Like a lot of recent Tim Finn videos, this focuses on Tim performing. It seems he’s most comfortable when he’s Tim Finn, the showman on a stage, rather than awkwardly trying to fit into a music video narrative. And like the last performance-based two videos (“I’ll Never Know” and “What You’ve Done”), this video is also shot in black and white. It’s a good style choice. It avoids the video falling into the “zany high jinks on the road” mould, and gives it a bit of style.

But yeah, the video totally hearts Mareea (who we’ll later come across in her solo project, Friends From Sweden). She’s easily the most exotic member of the Dirty Creatures, an otherwise unremarkable touring band of quality musos. So the video has latched onto this cool chick with cropped hair, tattoos and cigarettes.

She kinds of outshines him in the “on the road” segments, but when the band is on stage, there’s no risk of that. Tim is in his element, working the stage like the pro he is.

The video ends with a comedy postscript. Tim dances a merry jig on what looks like a solid stone ledge at the Wintergarden. But this is the Civic. It was built during the Depression. With the exception of modern strengthening, much of the solid-looking parts of the interior are just made of cheap plaster and cannot support the weight of a popstar. Tim’s foot goes through, damaging this Category I listed heritage building.

Best bit: the road sign pointing to Te Awamutu, just in case you’d forgotten.

Director: Andrew Morton

Next… the age of the winery tour continues.

The Have “Right On”

2002-the-have-right-onStraight outta Wanganui High School, the Have were the 2002 winners of the Smokefreerockquest, appearing at just the right time to ride the wave of the rock ‘n’ roll revival. Singer Brodie and guitarist Peter appeared as almost fully formed rock stars – rugged and hairy vs skinny and enigmatic. The pair are still playing today, in the Berlin-based psychedelic band the Sun and the Wolf. And they both look exactly the name.

But back in the early ’00s, the Have were ready to rock out. Their video, part of the SFRQ prize package, sees them playing in a most unexpected location – a warehouse filled with a mountain of golden sand.

The sand’s purpose soon becomes apparent – it’s there to crumble and quiver with the sheer magnitude of the band’s rockingness, helped out by the giant speakers suspended over the band, feeling a bit like a sword of Damocles. And of course the band get to run around a bit in it, kicking up dusty clouds. I bet they were finding sand everywhere for weeks after.

This is a really confident band. It’s one thing for a teen band to have a song with lyrics like “You should be kissing my ass!”. It’s another thing for its delivery to sound so self-assured that you forget all about the teen/rockquest thing. And when a band is playing on a giant mountain of sand, it takes presence to not be outshone by the epic location.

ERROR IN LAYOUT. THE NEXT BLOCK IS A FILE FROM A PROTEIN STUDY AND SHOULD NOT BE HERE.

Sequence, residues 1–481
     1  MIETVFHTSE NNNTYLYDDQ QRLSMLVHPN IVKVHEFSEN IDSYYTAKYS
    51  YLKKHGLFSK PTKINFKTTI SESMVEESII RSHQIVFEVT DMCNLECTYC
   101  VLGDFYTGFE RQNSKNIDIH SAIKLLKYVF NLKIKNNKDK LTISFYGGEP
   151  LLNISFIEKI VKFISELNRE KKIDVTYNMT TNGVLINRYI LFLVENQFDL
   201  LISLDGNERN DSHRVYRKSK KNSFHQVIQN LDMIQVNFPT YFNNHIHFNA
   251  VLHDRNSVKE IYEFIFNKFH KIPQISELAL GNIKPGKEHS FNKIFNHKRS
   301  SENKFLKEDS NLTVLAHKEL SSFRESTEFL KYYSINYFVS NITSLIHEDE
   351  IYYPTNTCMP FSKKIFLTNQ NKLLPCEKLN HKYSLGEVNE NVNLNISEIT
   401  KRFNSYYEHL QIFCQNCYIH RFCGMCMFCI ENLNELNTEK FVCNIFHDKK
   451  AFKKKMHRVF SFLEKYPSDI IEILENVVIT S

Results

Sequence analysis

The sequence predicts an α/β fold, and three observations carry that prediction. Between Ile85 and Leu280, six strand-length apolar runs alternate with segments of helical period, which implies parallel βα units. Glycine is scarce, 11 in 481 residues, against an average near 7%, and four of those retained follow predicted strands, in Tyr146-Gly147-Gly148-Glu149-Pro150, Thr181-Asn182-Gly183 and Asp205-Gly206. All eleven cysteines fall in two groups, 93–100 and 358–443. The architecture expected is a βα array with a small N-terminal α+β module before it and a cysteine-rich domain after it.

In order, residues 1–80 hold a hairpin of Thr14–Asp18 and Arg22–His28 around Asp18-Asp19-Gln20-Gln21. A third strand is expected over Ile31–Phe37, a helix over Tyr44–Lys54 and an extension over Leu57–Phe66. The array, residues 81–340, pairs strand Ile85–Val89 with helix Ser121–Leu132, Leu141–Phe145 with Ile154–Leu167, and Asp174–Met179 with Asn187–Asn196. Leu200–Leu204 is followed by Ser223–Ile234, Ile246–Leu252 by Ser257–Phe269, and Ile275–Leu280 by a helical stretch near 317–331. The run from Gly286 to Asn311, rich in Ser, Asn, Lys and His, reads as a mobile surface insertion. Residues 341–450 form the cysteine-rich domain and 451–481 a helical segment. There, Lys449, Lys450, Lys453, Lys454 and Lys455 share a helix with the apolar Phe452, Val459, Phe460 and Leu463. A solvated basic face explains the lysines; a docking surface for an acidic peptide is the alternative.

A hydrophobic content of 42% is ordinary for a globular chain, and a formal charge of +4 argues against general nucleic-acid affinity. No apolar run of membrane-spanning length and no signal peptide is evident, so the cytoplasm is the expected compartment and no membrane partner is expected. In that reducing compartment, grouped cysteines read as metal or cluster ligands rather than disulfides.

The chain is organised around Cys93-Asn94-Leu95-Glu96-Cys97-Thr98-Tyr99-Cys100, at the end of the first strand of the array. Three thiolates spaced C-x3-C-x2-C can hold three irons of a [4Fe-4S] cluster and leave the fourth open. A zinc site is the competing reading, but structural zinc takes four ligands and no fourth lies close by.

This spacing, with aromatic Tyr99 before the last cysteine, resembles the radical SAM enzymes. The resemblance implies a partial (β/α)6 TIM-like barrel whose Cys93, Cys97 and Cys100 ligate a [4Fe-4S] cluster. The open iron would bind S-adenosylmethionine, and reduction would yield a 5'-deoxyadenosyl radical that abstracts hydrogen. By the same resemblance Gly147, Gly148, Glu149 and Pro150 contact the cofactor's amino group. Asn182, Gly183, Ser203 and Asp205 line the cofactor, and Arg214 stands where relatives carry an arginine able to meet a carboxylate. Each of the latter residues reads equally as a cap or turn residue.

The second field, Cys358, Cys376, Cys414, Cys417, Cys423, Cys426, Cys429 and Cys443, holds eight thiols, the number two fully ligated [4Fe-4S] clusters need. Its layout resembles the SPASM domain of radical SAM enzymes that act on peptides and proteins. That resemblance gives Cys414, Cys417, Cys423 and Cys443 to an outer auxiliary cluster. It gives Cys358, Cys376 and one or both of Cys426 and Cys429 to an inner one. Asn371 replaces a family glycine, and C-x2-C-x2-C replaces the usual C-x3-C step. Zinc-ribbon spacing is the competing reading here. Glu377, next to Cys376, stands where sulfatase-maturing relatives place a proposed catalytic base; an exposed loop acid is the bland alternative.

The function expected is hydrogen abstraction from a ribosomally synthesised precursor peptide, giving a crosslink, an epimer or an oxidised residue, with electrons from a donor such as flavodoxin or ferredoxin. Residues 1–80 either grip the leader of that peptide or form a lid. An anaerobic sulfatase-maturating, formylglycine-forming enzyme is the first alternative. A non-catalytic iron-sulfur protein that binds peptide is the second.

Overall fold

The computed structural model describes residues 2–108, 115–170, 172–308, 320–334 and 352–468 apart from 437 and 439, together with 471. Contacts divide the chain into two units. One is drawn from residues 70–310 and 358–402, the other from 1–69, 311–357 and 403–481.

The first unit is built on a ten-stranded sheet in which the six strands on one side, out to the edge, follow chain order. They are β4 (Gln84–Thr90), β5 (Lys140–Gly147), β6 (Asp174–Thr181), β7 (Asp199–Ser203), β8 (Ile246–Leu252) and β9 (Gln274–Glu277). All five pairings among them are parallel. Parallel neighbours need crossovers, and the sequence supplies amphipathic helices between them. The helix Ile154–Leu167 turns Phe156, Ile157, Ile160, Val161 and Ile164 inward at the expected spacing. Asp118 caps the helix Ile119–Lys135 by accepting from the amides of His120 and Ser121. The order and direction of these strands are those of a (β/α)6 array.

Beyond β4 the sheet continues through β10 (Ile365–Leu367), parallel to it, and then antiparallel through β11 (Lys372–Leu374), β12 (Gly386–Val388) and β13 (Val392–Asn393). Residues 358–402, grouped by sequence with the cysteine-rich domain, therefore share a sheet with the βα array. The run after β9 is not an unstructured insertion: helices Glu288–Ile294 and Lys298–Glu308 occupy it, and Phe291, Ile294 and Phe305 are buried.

Directed by Greg Riwai (whose name has been popping up a lot in 2002), the video was a finalist in the Breakthrough Artist category at the 2003 Juice TV Awards.

Best bit: the remote control, a gift from the sands.

Note: This video was available at The Amplifier, but with the end of The Amplifier so went the video.

Director: Greg Riwai
Ngā Taonga Sound & Vision

Next… outrageous damage to a Category I historic building.

The Feelers “Anniversary”

2002-the-feelers-anniversaryThe “Anniversary” video is filmed at a backyard party, with the Feelers rocking out on a small suburban deck, next to the barbecue. But despite the modest setting, this is not a modest affair. The place is absolutely packed and there doesn’t really seem to be much room for people to move. It makes me wonder if this performance was the result of a competition to have the Feelers play at the lucky winner’s house, with the music video production being thrown in as a two-for-one.

So the video is packed full of lively 20-somethings, all decked out in plastic leis and holding cups of non-alcoholic punch. The huge crowd obviously made it hard for cameras to film the band, because much of the video footage shows the band as distant figures through a sea of partygoers.

In the middle of all the chaos, the Feelers seem to be having a great time. There are fire-breathers, drunk-girl dancing and even a moment where – super lol! – the Feelers’ drummer uses jandals to play the drums.

The of adventures the backyard gig give more life to the song. The lyrics are about a failed relationship, the sort of thing that would more traditionally get a video involving a girl in a cafe. But this video turns “Anniversary” in to a party anthem. And I think that’s part of the magic of the Feelers – they could turn all these straight MOR tunes into hugely popular drunken shoutalong experiences.

Best bit: the brief glimpse of the face of a chilled-out, eyebrow-ring-having party bro.

Ngā Taonga Sound & Vision

Deceptikonz “Don’t Front on Me”

2002-deceptikonz-dont-front-on-meSo this is a bit of a weird one. From what I can figure out, in 2002 the Deceptikonz originally received funding for a song called “Chillin'”. A video wasn’t made, but the song ended up on the Sione’s Wedding soundtrack, released in 2006. But also in 2006 came the video for “Don’t Front on Me”, which seems to have been made with the transfered funding originally intended for “Chillin'”. There’s no NZOA logo on the version of the video I’ve found online, but that doesn’t necessarily mean it wasn’t made with funding.

“Don’t Front on Me” was the first single from the Deceptikonz’s second album, “Heavy Rotation”. It comes after Mareko’s modest local success in 2003, but before Savage’s massive international success in 2008. In the video’s YouTube description, Dawn Raid describe the album as “slept on”.

So, to the video. It’s directed by Sophie Findlay who had previously done “Swing” for Savage. It’s a simple set-up – the group rapping in front of green-screened graphics, promoting the band and South Auckland.

It looks like Mareko wasn’t available for the video, so when his part comes, they use a body double wearing a Mareko-style bucket hat, pulled so far down that he looks like Dumb Donald from Fat Albert. Or maybe the real Mareko was just feeling really shy.